Emails bounce back because the recipient's mailbox is full or an attachment exceeds email size. Often, staff will attempt to get around the problem by sending a file using a personal email account.
Executive commercial director
Restrictions on corporate email systems and outdated business email policies are encouraging users to find alternative ways of sending large attachments -- such as through their personal webmail accounts -- that could expose their organisations to data loss.
The findings come from new research commissioned by UK-based email management company Mimecast Ltd., and are based on interviews with 2,400 corporate email users in the UK, US, Canada and South Africa.
The study found younger users especially are prepared to find new ways of bypassing corporate rules on email, which they see as barriers to their personal productivity. In the age group under 25 -- which Mimecast has dubbed Generation Gmail -- 85% admitted they send work-related emails or documents to or from personal email accounts.
Among this group, the research also found:
- 36% of email in younger users' work inboxes was not work-related
- Each member of Generation Gmail sent an average of 300 emails, via personal Gmail, for business purposes.
- Half of these work-related emails contained attachments.
The reason for this behaviour appears to be a general frustration with corporate rules and the quality of tools offered by their employers. For instance, more than half (51%) of the under-25s said they would be less likely to resort to webmail if they had a work email box with unlimited storage, while 52% said they rated Gmail better than their work-based systems because it imposed fewer restrictions.
"With social networks and personal email a ubiquitous part of their lives, the way email is used by this demographic is bleeding into the workplace," said Nathaniel Borenstein, chief scientist at Mimecast. "The results find workers frustrated with corporate restrictions, and [they're] working around these by using personal email accounts in order not to affect their productivity or flexibility."
While respondents in this survey claimed their activities were legitimate and well intentioned, the sending of messages and attachments via an uncontrolled route leaves organisations open to the theft or loss of confidential data or valuable intellectual property.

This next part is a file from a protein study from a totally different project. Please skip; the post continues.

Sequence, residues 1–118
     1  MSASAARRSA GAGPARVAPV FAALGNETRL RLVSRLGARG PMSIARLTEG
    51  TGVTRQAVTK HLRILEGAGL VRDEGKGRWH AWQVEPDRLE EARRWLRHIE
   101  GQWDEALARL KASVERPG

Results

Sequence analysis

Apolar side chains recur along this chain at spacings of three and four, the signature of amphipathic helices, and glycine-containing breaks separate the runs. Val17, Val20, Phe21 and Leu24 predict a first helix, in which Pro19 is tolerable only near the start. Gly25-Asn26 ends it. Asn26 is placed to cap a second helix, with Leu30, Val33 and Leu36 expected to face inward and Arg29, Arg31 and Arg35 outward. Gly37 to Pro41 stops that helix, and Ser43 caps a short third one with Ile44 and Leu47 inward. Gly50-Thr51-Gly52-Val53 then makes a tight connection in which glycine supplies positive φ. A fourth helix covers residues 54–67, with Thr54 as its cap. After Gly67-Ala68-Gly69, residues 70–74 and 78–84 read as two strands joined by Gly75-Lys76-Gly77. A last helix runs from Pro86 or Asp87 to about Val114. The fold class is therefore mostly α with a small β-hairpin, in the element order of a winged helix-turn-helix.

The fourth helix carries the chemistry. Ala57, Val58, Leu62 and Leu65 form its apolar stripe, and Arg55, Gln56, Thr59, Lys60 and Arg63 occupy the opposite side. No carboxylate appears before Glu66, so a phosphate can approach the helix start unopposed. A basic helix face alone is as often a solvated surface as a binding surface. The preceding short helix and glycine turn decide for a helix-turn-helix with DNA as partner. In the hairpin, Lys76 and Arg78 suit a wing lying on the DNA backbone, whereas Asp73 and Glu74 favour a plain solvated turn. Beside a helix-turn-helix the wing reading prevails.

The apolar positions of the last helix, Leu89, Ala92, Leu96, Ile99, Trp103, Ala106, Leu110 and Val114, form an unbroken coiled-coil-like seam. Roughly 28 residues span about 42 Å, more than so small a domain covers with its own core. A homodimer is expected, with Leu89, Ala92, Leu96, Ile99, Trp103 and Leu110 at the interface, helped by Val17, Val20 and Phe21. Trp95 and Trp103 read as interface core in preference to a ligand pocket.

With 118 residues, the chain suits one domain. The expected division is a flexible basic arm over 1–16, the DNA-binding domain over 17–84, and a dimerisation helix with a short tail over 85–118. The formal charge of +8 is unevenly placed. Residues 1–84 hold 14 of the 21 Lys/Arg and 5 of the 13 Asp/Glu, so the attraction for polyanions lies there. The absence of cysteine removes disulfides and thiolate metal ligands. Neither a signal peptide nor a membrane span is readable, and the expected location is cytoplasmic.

For instance, a recent survey of British office workers carried out by Symantec Corp. found that 27% of users had removed information to take to another job, and 6% admitted taking information to show to a third party.
The Mimecast findings are supported by another new study, carried out by Virgin Media Business Ltd. (VMB) in cooperation with 10 large UK public sector bodies.
The study found that, due to employer-created storage restrictions, 69% of workers could not send or receive emails larger than 10 MB in size, and 89% were unable to send or receive emails in excess of 15 MB. The average worker could only send emails of up to 12.5 MB and had just 140 MB of space in his or her mailbox.
According to Andrew McGrath, executive commercial director at VMB, these restrictions mean that workers are frequently unable to share large PDF documents, slideshows, images and video content.
"Many workers regularly find that emails bounce back because the recipient's mailbox is full or an attachment exceeds email size limits," McGrath said. "Often, staff will attempt to get around the problem by sending a file using a personal email account, file sharing website or unsecured USB device. But, despite having the best intentions, these solutions can create more problems than they solve by potentially putting confidential data at risk."
Mimecast's Borenstein argues that the main reason for applying limits on corporate email accounts -- which was to save storage -- is no longer relevant. "Most of these mailbox limitations made sense 10 years ago," he said, "but they make no sense at all now with storage being so cheap."
His advice is to avoid setting arbitrary limits. "Whenever you make a policy, you should bear in mind that you are not just dealing with a bunch of automata who will automatically obey what you say," Borenstein said. "You are dealing with your most precious resource -- human talent -- and you need to consider how it will affect them, and how it will affect their ability to do their jobs."